Most chapters contain at least one insert, developed from the general literature, that supplements the text discussion in significant ways. Some direct the reader to topical websites, sample documents, and sources for supplies and equipment. Others provide glossaries, case studies, instructions for casting or making beanbag supports, guidelines for the treatment of Indian people in archaeological sites, and numerous other topics. One in-house creation is a free software program called Bones that was developed especially to accompany the book. Available through the publisher’s website, it allows the user to catalog human osteological collections, inventory records, and create inventory diagrams whose placement on the outside of storage boxes will help to reduce handling of the contents. The insert feature further amplifies the reference guide aspect of the volume and brings additional expertise to an already highly authoritative effort.

But this book is much more than a quick reference guide and anyone who purchases it would be seriously shortchanging themselves if they did not make the effort to digest its innovative agenda as laid out in the initial chapters and elaborated throughout the remainder of the book. Human remains, as we learn in the introductory chapter, are not just another artifact. They are a special category requiring a broad definition of curation that includes respectful research, study, collection care, policy, documentation, and education. With the 1990 enactment of the Native American Graves Protection and Repatriation Act (NAGPRA), we know there are an estimated 200,000 Native American remains held in federally sponsored institutions. No one knows the total count of all remains held in United States facilities but the general consensus is that it far exceeds that number. The starting point for institutions to improve the preservation of human remains collections is policy and Chapter 3 provides an empowering, “how to get your house in order” discussion that will be instructive for practitioners across the full spectrum of institutions housing such remains. General guidelines are provided in a discussion of three levels of policy—mission statements, collections policy, and procedures. Once the broad outlines of policy have been crafted one may consult subsequent chapters to hammer out the details that are appropriate for a particular institution. In writing a mission statement, the most elemental question, according to the editors, is to determine whether human remains actually fit into the mission of an institution. If no such fit can be demonstrated, then the institution has an ethical obligation to develop a plan, again using the guidelines provided, for transferring them to an appropriate facility. Otherwise, this revolutionary book contains all the tools needed to begin the process of creating or revising policy so as to meet the goals set by the authors: improved preservation and management practices in concert with new attitudes that approach these remains with respectful concern for their humanity.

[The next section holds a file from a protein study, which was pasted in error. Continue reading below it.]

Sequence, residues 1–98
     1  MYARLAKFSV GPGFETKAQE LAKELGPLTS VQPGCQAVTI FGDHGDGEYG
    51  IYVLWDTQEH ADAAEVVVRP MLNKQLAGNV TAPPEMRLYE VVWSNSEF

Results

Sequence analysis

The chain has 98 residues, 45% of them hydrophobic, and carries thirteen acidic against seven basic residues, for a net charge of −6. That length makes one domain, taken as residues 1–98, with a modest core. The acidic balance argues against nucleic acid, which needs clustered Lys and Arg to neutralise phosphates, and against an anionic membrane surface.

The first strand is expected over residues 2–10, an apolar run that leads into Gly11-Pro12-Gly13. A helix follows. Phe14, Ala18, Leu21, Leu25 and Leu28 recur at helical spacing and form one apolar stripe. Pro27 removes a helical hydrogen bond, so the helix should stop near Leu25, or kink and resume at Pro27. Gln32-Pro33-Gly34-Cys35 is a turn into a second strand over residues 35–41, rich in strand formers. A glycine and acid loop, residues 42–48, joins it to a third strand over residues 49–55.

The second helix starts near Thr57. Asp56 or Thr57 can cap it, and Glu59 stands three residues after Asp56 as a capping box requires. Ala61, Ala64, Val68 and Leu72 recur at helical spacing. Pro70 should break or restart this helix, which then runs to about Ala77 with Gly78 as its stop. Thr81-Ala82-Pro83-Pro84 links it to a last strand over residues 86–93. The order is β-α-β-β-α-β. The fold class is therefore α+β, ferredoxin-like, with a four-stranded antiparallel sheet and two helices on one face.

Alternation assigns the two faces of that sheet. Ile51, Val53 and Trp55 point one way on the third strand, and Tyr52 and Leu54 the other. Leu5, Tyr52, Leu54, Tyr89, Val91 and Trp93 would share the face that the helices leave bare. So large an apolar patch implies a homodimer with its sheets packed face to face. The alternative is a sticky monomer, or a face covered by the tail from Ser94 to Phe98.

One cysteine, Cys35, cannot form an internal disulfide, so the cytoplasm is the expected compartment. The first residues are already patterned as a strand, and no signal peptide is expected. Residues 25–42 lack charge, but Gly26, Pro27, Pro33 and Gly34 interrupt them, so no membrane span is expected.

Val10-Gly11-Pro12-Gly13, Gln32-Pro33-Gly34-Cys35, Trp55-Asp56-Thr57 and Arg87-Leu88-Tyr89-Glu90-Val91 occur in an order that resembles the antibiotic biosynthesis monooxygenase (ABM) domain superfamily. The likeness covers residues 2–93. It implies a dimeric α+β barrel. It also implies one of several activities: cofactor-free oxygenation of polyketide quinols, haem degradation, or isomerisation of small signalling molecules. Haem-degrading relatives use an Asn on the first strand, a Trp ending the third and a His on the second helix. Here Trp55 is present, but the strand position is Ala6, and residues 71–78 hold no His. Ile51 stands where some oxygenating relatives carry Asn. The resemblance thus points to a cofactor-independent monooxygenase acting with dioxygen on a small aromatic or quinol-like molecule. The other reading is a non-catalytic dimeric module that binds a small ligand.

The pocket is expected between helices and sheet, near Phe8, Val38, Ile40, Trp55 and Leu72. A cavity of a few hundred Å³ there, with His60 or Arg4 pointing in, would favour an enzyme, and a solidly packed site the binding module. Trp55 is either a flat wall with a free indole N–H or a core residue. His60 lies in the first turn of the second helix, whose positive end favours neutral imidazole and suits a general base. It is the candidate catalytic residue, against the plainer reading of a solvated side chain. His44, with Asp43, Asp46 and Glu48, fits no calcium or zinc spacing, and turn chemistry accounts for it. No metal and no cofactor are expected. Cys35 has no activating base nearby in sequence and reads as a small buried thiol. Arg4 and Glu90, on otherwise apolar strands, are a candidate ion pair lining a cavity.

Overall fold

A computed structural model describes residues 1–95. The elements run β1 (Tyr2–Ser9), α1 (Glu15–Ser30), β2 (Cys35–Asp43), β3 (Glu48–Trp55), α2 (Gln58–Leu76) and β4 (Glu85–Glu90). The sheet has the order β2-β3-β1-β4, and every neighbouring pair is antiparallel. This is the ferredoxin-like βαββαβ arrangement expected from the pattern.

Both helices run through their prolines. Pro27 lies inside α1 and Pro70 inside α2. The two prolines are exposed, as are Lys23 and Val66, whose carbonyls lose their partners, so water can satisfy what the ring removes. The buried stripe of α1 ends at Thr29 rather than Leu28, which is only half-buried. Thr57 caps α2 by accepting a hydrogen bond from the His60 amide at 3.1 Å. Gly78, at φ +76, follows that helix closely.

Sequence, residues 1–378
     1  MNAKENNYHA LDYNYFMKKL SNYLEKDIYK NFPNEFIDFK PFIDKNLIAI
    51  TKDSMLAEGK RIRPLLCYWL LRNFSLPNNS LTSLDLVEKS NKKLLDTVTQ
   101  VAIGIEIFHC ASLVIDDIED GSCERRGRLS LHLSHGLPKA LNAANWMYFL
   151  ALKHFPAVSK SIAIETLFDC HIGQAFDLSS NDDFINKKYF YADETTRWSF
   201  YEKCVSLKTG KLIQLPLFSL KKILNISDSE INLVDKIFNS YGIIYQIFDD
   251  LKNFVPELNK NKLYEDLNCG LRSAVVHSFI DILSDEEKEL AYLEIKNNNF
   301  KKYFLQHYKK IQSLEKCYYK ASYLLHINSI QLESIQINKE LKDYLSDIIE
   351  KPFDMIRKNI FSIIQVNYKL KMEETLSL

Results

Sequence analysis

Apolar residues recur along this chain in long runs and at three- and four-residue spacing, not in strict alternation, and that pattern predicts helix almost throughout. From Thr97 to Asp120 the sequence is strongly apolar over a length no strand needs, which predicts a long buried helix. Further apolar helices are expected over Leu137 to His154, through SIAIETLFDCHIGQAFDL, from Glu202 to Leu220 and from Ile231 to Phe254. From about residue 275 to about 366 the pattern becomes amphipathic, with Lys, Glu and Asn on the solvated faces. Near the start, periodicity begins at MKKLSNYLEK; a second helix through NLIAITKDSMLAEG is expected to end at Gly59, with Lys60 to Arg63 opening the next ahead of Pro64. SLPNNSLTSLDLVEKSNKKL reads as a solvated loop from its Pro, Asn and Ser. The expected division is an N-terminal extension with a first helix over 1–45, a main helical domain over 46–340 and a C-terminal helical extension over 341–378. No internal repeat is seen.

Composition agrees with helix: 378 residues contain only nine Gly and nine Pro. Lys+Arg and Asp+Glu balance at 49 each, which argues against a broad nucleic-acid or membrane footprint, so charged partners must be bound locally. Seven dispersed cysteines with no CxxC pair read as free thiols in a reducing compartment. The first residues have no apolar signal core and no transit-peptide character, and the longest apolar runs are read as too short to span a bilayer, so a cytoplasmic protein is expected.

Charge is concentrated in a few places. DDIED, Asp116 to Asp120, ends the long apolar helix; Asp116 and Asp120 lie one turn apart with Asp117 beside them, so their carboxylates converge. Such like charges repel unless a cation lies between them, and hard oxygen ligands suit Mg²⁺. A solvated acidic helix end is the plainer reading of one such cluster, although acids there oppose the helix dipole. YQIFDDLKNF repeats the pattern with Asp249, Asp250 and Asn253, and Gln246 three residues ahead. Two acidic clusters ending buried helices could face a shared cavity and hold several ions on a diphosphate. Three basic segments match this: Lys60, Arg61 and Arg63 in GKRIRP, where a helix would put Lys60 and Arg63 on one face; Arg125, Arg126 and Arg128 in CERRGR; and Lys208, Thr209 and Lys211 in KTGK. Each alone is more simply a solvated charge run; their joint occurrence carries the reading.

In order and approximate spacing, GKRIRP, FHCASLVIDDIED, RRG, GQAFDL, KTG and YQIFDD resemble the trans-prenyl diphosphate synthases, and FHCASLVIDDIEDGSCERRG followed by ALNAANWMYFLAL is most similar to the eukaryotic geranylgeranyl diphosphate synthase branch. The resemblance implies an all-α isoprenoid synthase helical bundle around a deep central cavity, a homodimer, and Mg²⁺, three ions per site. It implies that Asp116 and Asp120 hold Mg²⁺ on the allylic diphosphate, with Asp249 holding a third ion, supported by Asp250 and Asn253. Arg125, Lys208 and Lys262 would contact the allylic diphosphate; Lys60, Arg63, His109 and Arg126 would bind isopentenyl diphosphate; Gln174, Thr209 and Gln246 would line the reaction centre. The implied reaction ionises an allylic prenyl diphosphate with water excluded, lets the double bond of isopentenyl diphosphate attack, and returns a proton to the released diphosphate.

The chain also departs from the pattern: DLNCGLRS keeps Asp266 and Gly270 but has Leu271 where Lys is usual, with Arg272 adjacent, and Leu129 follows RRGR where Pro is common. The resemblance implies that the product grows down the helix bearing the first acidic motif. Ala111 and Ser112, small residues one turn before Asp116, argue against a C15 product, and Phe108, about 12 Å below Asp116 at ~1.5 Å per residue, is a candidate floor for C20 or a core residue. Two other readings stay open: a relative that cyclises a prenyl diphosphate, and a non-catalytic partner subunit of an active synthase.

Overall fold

Linda T. Grimm is Professor of Anthropology Emeritus in the Department of Anthropology at Oberlin College. In addition to pursuing work in old world and Ohio Valley archaeology and biological anthropology, she worked extensively with Oberlin students in the recuration, digitization, and exhibition of the Oberlin College Ethnographic Collection (http://ocec.oberlin.edu/).